Monday, June 2, 2014

Persuasive Packaging

It goes without saying most triple AAA titles that come out these days have at least two distinct formats; a disk in a plastic case or a deluxe collectors edition with tons of stuff in addition to the game.  Of course a third, and increasingly common form, is digital distribution.  Back before the internet though it really came down to the box since there were only a few monthly publications that had relevant information regarding what was on store shelves.

Box art was obviously a big deal, and unlike now, where sizes have become standardized, computer games back in the day came in all sorts of rectangular shapes.  Fold out front covers were one way companies increased how many screenshots, quotes and bullet points they could display.  The quality of the packaging was also very important with embossed slipcases over heavy reinforced cardboard being the pinnacle of the design concept.  Then there were some interesting outliers such as the aptly named Shadow of the Beast, which came in a box so huge it could easily be mistaken for a board game rather than an Amiga title (apparently the extra space was need for the T-shirt included inside).  Conversely, Adventure Construction Set came in a box so slender it looked like a vinyl record case.  Thief 1 and 2 were sold in a trapezoid shaped boxes, while Day of the Tentacle tried to draw attention by hitting store shelves in a box shaped like a triangular peg.

When it comes down to what's in the box, soundtracks, art books, and plastic figurines tend to be all the rage now.  So much so these collectibles are sometimes included in pre-orders at no extra charge.  I got a copy of Dark Souls in a tin case with all the above mentioned extras for the same price as a regular copy simply because I ordered it off Amazon before the release date.  Not a bad deal really, but it was hardly my first experience with free gaming trinkets.  For that you'd have to go way back to the very first Leisure Suit Larry game and the novelty "Lefty's Bar" napkin that was included with each copy of the game.  This was hardly anything special though compared to the mainline Ultima series which had cloth maps, pendents, tarot cards, and drawstring pouches containing fantasy coinage or even metal runes.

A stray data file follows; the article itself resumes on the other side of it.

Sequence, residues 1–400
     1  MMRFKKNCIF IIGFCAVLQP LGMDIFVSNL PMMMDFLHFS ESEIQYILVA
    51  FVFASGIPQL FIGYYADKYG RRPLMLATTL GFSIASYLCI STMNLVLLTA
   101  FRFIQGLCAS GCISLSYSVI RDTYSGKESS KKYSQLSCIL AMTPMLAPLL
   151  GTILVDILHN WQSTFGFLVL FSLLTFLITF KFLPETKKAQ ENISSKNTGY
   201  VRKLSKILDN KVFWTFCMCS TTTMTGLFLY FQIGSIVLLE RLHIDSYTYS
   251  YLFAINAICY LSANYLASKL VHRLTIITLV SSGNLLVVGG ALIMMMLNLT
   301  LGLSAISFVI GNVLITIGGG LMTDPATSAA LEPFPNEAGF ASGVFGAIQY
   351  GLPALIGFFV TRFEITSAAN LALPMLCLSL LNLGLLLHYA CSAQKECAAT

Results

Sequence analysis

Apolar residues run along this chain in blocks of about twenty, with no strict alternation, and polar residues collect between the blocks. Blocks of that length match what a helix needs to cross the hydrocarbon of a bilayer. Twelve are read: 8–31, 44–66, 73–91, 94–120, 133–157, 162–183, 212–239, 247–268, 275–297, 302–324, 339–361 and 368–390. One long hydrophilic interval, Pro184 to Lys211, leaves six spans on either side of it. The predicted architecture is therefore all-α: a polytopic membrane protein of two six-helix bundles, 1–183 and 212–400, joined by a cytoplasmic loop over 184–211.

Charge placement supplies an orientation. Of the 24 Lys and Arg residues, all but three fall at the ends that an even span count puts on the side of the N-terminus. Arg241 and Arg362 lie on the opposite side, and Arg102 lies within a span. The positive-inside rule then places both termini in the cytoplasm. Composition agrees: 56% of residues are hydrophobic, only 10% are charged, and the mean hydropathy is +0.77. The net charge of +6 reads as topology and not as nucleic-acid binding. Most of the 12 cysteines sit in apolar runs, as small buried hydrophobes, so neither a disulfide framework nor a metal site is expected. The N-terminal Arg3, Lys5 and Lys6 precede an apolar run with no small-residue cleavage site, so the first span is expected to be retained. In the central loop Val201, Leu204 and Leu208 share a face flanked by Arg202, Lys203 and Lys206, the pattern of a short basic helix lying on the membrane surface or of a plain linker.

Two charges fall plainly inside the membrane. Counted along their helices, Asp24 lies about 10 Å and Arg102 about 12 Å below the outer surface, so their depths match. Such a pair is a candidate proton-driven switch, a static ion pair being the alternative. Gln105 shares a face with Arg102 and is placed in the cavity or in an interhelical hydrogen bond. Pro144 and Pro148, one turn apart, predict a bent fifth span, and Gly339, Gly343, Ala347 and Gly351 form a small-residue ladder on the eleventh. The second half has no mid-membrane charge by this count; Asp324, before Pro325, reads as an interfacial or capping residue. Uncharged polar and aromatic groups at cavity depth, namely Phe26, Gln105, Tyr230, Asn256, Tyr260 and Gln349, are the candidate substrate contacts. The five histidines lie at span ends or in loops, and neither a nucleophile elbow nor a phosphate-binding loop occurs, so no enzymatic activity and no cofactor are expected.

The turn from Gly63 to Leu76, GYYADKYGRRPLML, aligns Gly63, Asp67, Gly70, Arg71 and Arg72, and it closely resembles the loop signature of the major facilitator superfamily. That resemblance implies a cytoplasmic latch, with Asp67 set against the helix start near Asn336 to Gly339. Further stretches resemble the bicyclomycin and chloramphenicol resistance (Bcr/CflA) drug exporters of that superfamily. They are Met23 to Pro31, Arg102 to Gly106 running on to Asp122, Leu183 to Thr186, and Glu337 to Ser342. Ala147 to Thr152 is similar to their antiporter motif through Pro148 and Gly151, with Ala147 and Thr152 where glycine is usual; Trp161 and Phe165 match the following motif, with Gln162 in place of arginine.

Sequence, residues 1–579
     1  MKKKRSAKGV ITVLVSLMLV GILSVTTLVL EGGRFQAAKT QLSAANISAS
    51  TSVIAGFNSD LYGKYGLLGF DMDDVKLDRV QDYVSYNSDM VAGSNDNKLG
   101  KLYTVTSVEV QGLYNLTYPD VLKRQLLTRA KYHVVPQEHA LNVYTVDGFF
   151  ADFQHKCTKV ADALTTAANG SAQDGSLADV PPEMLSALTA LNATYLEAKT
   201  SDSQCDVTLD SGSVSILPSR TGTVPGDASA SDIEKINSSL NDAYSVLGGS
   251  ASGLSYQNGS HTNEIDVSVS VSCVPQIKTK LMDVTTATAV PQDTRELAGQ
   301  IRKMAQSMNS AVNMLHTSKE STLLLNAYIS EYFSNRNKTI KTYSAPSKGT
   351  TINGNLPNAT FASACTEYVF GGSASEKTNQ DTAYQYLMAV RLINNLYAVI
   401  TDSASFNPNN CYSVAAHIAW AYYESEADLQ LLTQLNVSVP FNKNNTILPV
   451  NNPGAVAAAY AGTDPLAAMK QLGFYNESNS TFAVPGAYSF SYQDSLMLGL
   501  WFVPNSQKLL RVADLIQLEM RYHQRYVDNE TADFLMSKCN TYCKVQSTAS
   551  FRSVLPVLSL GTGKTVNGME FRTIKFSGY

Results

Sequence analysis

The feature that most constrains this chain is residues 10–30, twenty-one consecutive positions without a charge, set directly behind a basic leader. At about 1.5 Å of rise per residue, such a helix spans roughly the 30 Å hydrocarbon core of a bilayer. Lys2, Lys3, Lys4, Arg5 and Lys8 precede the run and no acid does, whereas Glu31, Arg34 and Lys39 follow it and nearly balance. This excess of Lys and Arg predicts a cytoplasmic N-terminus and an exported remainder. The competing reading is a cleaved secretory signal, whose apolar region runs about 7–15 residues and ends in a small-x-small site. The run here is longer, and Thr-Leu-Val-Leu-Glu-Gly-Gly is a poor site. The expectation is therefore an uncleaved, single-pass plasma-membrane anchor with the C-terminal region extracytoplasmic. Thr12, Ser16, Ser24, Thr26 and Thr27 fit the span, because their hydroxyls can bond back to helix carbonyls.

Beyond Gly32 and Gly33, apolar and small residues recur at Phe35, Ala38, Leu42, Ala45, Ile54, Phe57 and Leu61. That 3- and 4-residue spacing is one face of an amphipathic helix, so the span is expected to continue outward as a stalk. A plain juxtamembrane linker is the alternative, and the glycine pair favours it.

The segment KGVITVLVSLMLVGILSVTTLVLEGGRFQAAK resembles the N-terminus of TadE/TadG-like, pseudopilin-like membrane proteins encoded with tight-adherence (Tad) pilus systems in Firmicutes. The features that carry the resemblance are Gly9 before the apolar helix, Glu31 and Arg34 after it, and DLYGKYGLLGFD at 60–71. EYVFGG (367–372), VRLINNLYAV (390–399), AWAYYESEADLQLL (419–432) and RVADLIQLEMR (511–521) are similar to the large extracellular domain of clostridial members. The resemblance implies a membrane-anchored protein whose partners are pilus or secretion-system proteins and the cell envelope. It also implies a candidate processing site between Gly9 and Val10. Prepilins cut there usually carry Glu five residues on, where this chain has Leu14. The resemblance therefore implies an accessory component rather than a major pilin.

Copy protection wheels were another common accessory.  Although these eventually gave way to looking up individual words in tome-like instruction manuals.  These packaged books (yes, books and not pamphlets) not only contained information on how to play the game, but also had extensive setting material and flavor text.  In particular, the original Heroes of Might and Magic contained a series of correspondence letters written by a traitor to his former master.  Wing Commander had a short comic, and Space Quest featured an in-fiction magazine that had articles, interviews, plus mail order advertisements for Labion Terror Beast Mating Whistles among other things (yes, you need one of those in Space Quest 2).  There was lots of history to be found, both made up (as in the case of Homeworld) and real (like the Art of War games).

Overall, most of the stuff that comes with the games themselves ends up being a bunch of shelf space wasting junk.  In defense of the GTA series though, I will say it's nicely practical that the posters included with the games have world maps printed on the backside.  What really makes me sad though is people scrambling to get crap like cheap headsets, night sight goggles or plastic helmets that are too tiny to actually wear, yet the gorgeously illuminated wizard's book for Ni no Kuni is only available as a PDF file attachment for the US version of the game.  This is especially depressing when you consider that the book is a genuinely useful piece of realia tied directly to gameplay.  I guess busts of Duke Nukem or the dismembered torso of a bikini wearing zombie in Dead Island are more marketable though, right?...*sigh*

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